Author(s): Puhl AA, Greiner R, Selinger LB
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Abstract Although it is becoming well known that myo-inositol polyphosphates and the enzymes involved in their metabolism play a critical role in eukaryotic systems, little is understood of their significance in prokaryotic systems. A novel protein tyrosine phosphatase (PTP)-like inositol polyphosphatase (IPPase) gene has been cloned from Selenomonas ruminantium subsp. lactilytica (phyAsrl). The deduced amino acid sequence of PhyAsrl is most similar to a PTP-like IPPase from the anaerobic bacterium S. ruminantium (35\% identity), but also shows similarity (19-30\% identity) to various other putative prokaryotic PTPs. Recombinant PhyAsrl could dephosphorylate myo-inositol hexakisphosphate (Ins P(6)) in vitro, and maximal activity was displayed at an ionic strength of 200 mM, a pH of 4.5, and a temperature of 55 degrees C. In order to elucidate its substrate specificity and pathway of Ins P(6) dephosphorylation, a combination of kinetic and high-performance ion-pair chromatography studies were conducted. The data indicated that PhyAsrl has a general specificity for polyphosphorylated myo-inositol substrates, but can also dephosphorylate molecules containing high energy pyrophosphate bonds in vitro. PhyAsrl is unique from other microbial IPPases in that it preferentially cleaves the 5-phosphate position of Ins P(6). Furthermore, it can produce Ins(2)P via a highly unique and ordered pathway of sequential dephosphorylation: Ins P(6), Ins(1,2,3,4,6)P(5), D-Ins(1,2,3,6)P(4), Ins(1,2,3)P(3), and D/L-Ins(1,2)P(2). Finally, reverse transcription PCR was used to determine that phyAsrl is constitutively expressed, and together with bioinformatic analysis, was used to gain an understanding of its physiological significance.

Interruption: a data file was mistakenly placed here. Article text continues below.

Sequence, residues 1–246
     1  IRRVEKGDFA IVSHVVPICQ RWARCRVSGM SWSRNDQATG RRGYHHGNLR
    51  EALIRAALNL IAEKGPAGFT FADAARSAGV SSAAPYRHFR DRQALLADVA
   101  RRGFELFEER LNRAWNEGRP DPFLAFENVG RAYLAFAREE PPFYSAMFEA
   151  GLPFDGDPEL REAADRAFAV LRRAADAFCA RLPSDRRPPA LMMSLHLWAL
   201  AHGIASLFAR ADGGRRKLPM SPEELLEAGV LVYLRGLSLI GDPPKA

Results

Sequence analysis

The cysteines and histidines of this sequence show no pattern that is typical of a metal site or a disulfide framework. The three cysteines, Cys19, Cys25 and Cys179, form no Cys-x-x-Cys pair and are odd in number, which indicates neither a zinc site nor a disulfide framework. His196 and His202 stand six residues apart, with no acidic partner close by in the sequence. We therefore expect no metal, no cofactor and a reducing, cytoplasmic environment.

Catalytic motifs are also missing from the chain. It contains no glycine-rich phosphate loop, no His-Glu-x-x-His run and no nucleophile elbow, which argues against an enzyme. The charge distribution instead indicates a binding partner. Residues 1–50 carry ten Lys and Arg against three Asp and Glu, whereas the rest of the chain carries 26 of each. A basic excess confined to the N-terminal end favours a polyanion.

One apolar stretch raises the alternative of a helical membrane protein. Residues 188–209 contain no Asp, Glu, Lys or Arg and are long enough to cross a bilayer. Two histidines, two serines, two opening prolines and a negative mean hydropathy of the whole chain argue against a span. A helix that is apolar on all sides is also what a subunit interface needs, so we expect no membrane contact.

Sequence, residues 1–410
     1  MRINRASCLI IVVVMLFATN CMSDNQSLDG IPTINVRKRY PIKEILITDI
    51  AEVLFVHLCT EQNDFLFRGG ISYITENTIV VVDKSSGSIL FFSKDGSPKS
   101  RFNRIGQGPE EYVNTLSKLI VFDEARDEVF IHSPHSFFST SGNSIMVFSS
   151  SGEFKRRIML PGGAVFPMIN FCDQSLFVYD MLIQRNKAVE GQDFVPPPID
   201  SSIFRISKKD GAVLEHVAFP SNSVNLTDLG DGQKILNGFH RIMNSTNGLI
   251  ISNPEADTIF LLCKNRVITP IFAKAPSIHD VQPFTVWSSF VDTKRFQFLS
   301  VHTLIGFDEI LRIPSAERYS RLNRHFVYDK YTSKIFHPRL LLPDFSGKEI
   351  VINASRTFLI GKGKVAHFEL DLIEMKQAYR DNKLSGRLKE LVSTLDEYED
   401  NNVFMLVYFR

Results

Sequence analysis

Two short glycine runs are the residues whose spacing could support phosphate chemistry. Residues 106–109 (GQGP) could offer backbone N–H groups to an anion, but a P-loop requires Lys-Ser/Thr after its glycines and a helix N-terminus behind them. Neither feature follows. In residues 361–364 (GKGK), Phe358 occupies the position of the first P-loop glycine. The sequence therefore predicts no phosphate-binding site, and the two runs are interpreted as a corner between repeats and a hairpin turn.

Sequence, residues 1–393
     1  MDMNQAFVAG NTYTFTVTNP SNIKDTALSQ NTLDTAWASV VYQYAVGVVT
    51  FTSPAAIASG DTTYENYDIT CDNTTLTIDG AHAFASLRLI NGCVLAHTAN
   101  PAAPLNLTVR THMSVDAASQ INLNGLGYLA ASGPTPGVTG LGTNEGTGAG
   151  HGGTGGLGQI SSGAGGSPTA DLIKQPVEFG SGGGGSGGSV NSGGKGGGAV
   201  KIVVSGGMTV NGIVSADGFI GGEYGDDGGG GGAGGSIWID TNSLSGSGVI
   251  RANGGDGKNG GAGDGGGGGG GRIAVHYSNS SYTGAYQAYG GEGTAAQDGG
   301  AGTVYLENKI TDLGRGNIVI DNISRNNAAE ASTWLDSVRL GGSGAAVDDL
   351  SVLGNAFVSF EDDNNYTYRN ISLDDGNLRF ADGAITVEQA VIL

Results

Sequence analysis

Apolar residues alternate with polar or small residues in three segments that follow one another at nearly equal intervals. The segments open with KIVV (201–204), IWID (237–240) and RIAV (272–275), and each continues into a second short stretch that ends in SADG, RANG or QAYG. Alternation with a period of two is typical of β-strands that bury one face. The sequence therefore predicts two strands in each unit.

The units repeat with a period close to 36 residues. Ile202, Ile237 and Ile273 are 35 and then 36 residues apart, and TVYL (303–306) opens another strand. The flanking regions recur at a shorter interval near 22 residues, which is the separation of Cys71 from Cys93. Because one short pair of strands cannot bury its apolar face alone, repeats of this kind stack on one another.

This article was published in Int J Biochem Cell Biol
and referenced in Advancements in Genetic Engineering